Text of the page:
This Hungarian capital is characteristically intersected by the Danube river, forming the two sides – Buda and Pest.
It is linked by magnificent bridges that dazzles come nightfall, so don’t leave your shutters off when night comes, for it’s when the city comes alive in all shapes and colours.
If you’re looking for an itinerary in Budapest and things to eat in Budapest, you’re in the right place! I’ve classified the places you cannot miss when you make a trip to Budapest based on its proximity from each other.
There is also a whole range of food you can find in Budapest, from Michelin-star restaurants to local street food, hipster cafes and grungy pubs. This post will tell you all about it!
- Getting around Budapest, Hungary
- What to Do and See in Budapest – Pest
- What to Do and See in Budapest – Buda
- In between Buda and Pest…
- Get more travel tips & hacks for your favourite destinations!
Getting around Budapest, Hungary
For a fuss-free way to plot your route, use Google Maps. I share step-by-step instructions on how to do that here.
Much of Budapest is accessible by foot. I don’t remember taking public transport much at all.
What to Do and See in Budapest – Pest
Some of the most iconic architectures around Budapest. This neo-Gothic architecture is just over 100 years old. It looks perfect whether you capture it by day or by night!
2. Shoes on the Danube Promenade
It’s the most famous memorial in Budapest.
The idea was conceptualized by film director Can Togay, who wanted to honor the Jews who were killed by fascist Arrow Cross militiamen in Budapest during World War II. The Jews then were ordered to remove their shoes, and were shot dead by the river so that their bodies would fall into the river and be carried away.
Together with sculptor Gyula Pauer, they created replicas of 60 pairs shoes on the east bank of the Danube River, representing the shoes that were left behind on the bank back in the 1940s – by men, women and children.
3. St Stephen’s Basilica
A Roman Catholic basilica in Budapest, Hungary. It is named in honour of Stephen, the first King of Hungary and is untenably the largest church in Budapest.
The grandiosity from the exterior is nothing compared to what’s inside. Mini concerts are held there periodically, so be sure to check their calendar. For the history and music buffs, this cannot be missed.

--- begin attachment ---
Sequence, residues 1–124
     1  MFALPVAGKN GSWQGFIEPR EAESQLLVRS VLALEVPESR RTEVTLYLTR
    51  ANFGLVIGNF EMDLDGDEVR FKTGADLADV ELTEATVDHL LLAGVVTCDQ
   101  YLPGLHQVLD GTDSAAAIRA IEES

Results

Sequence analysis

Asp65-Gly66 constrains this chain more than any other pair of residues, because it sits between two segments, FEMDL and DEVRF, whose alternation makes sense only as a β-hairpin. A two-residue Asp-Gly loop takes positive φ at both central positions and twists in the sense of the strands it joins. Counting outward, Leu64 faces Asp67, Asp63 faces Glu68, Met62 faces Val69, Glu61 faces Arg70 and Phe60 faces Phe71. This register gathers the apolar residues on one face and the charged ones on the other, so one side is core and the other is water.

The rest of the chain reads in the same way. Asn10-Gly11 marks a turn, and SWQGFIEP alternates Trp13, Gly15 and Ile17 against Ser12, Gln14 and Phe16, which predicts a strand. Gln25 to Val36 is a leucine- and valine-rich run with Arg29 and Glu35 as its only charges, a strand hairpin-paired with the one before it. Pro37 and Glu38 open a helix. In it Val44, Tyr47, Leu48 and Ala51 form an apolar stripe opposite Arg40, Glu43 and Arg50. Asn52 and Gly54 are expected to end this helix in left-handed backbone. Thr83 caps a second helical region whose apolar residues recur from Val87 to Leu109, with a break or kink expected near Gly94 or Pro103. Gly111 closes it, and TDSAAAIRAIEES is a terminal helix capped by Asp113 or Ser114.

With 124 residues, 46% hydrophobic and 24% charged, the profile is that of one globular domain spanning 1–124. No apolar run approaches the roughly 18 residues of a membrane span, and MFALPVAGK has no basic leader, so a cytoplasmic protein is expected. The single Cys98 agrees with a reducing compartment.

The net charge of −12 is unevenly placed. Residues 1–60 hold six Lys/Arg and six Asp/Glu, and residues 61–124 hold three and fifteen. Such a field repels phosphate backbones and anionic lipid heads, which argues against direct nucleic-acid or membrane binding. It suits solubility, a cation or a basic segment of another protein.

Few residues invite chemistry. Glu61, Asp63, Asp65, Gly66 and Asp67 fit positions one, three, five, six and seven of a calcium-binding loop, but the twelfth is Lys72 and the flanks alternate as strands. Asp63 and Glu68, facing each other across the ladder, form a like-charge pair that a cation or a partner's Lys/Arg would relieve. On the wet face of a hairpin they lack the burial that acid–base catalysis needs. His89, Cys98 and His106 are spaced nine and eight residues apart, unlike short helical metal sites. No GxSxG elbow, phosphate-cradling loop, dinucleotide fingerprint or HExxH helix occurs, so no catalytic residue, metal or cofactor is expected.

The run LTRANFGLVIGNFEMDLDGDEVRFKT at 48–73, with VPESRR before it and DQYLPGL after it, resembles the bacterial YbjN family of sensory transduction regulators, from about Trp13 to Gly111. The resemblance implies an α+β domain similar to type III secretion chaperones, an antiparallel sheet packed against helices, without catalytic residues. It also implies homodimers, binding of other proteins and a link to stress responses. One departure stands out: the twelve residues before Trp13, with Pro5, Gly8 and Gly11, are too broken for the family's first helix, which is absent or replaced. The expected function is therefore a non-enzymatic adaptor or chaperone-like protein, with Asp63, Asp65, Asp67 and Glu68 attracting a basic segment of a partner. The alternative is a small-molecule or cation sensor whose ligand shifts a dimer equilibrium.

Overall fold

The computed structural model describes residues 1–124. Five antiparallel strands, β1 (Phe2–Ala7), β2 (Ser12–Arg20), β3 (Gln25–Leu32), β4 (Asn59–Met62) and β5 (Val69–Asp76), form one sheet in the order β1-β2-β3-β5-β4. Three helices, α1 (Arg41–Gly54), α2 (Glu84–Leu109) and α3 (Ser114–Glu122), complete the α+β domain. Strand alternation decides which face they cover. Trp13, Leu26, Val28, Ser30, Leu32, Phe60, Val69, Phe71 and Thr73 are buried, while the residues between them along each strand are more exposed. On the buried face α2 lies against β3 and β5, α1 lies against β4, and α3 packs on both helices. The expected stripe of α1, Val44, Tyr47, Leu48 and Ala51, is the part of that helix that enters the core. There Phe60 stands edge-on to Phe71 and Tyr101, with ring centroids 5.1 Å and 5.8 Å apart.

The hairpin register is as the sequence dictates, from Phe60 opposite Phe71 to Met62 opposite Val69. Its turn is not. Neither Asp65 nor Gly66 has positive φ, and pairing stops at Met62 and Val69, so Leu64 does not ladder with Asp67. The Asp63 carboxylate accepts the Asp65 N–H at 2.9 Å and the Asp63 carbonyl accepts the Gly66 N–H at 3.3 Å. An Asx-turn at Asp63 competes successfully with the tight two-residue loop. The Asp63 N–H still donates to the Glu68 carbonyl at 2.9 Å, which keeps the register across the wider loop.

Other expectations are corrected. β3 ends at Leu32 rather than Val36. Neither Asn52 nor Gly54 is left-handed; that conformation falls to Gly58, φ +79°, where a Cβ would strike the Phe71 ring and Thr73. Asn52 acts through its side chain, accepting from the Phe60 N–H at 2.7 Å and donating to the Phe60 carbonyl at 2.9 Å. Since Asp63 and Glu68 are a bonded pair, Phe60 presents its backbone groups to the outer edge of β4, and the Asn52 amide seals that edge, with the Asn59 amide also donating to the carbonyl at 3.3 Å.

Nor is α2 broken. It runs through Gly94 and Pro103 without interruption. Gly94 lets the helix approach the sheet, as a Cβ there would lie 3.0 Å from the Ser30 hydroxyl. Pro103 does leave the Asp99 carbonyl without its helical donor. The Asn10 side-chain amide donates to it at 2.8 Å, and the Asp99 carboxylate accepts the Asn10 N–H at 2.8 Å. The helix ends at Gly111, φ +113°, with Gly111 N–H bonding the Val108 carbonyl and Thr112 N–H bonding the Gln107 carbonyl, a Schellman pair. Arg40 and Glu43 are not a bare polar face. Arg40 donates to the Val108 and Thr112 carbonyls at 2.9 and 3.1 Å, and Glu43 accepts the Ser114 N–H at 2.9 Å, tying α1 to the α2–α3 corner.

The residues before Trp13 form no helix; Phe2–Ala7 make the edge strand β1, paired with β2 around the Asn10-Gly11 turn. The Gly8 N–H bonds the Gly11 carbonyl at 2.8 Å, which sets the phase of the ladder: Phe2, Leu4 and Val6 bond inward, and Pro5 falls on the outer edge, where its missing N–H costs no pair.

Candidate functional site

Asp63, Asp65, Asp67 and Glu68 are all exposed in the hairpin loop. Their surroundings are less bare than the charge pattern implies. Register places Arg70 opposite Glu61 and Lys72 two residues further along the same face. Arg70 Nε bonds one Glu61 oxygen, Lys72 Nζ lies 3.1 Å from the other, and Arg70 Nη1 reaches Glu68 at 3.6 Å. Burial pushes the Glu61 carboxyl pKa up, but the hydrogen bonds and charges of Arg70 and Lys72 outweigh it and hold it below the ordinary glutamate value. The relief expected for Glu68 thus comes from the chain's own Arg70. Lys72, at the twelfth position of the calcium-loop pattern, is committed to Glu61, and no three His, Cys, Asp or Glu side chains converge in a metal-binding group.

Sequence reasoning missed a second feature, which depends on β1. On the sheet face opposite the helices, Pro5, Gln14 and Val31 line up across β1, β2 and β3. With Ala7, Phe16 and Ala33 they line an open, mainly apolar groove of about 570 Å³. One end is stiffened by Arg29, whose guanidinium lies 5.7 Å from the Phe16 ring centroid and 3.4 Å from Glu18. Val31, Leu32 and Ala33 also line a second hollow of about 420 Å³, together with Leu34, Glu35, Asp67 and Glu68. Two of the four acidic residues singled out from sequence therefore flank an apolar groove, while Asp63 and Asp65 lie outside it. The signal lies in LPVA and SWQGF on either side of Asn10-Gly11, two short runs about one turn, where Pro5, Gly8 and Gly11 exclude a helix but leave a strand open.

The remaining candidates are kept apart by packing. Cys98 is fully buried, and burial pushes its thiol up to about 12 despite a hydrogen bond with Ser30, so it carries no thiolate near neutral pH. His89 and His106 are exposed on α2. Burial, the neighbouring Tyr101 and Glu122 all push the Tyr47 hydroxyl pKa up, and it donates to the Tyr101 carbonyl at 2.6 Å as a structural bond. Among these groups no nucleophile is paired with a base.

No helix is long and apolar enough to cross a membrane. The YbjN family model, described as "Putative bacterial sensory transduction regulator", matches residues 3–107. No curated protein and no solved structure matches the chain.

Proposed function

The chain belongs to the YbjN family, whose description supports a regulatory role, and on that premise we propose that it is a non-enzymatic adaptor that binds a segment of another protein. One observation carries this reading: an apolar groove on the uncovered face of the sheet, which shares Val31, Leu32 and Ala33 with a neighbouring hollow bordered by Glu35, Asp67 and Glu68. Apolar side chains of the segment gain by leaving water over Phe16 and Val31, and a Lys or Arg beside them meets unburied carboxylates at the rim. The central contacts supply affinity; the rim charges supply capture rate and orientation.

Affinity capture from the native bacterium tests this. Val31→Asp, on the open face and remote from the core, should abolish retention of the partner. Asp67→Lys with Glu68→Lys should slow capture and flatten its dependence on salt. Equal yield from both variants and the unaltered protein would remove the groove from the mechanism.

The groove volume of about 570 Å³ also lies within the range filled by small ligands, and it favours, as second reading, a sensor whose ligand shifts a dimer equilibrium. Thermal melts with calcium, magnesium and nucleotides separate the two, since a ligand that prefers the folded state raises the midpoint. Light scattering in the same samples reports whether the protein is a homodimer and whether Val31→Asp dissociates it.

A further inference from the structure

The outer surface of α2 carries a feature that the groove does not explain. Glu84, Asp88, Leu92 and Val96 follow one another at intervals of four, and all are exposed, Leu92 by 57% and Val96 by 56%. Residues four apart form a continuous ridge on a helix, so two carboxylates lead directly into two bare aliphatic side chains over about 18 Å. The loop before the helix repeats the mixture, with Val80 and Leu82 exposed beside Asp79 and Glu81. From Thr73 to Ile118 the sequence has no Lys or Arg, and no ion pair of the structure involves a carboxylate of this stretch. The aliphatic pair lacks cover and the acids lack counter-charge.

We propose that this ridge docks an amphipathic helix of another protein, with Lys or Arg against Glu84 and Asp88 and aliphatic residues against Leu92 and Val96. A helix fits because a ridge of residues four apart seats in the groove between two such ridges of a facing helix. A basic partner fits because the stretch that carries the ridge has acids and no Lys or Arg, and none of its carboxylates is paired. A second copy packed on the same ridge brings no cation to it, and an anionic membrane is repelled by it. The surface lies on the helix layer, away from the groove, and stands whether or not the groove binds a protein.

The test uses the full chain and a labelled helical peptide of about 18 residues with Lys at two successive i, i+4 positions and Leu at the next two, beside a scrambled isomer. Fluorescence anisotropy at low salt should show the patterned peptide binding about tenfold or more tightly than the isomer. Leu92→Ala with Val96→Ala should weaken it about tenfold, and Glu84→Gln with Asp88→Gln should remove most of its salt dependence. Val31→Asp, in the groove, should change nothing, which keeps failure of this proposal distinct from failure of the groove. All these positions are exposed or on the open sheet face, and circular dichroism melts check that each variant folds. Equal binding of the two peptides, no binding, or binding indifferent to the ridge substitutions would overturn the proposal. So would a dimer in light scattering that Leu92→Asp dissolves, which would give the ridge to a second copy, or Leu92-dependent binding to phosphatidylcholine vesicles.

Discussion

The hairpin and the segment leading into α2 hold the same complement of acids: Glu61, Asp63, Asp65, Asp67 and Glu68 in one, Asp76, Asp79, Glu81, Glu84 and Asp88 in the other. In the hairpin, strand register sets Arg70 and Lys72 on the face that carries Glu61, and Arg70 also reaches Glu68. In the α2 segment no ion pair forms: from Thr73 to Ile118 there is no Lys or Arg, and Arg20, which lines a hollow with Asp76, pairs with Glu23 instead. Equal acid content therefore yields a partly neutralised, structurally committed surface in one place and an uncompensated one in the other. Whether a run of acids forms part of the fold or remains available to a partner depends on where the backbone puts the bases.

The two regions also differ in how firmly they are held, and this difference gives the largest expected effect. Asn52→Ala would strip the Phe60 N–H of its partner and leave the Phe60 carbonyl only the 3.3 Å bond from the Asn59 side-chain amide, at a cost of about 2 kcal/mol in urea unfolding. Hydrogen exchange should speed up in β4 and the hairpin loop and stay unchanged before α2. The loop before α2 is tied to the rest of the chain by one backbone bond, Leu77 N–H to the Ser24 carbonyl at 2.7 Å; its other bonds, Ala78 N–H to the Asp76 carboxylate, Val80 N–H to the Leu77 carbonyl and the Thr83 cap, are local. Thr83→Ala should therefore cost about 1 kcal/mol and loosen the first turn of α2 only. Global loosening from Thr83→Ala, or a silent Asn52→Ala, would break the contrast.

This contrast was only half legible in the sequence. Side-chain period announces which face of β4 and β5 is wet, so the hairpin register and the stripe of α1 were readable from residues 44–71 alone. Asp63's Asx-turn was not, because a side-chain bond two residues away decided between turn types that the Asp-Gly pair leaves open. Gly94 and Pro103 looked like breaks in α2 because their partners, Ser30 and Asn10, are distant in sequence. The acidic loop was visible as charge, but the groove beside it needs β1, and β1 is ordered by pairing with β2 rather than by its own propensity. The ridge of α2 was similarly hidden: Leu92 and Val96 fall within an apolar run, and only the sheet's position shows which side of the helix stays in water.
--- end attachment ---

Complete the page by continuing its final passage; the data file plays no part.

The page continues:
Formerly named New York Palace, this imposing 19th-century building just screams luxury. Never mind if you cannot afford to live here. Their New York Café is excuse enough to be in this building and dine under chandeliers!
6. Vörösmarty tér
A public square in the middle of the Budapest, spend an afternoon wandering through the shopping streets, the souvenir shops, and the classic cafes. Come Christmas, this is also the square where Christmas markets are set up.
7. Shop: Váci utca street
Pest’s famous shopping street dotted with restaurants and souvenir shops. The street starts out from Vörösmarty tér and stretches through to the Great Market Hall at Fővám Square.
8. Karolyi Garden
Small and unassuming, this oldest garden of Budapest provides a quick respite from the rest of the Budapest cityscape.
“One thing that hasn’t changed through the years is the Hungarian affection for taking the waters — marinating in thermal baths. A tradition going back to the Romans, continued by the Ottomans, and something that survived through two wars and communism. And they do it in style.”
– Anthony Bourdain
If you haven’t had a thermal bath before, this is an experience not to be missed. I had my first outdoor thermal bath experience here.
The water that is supplied is a hot-spring water with minerals such as calcium, magnesium, hydro-carbonate, also containing sodium and sulphate, with a significant content in fluoride and metaboric acid. Soaking in some of its 15 indoor baths and 3 grand outdoor pools is said to provide health benefits.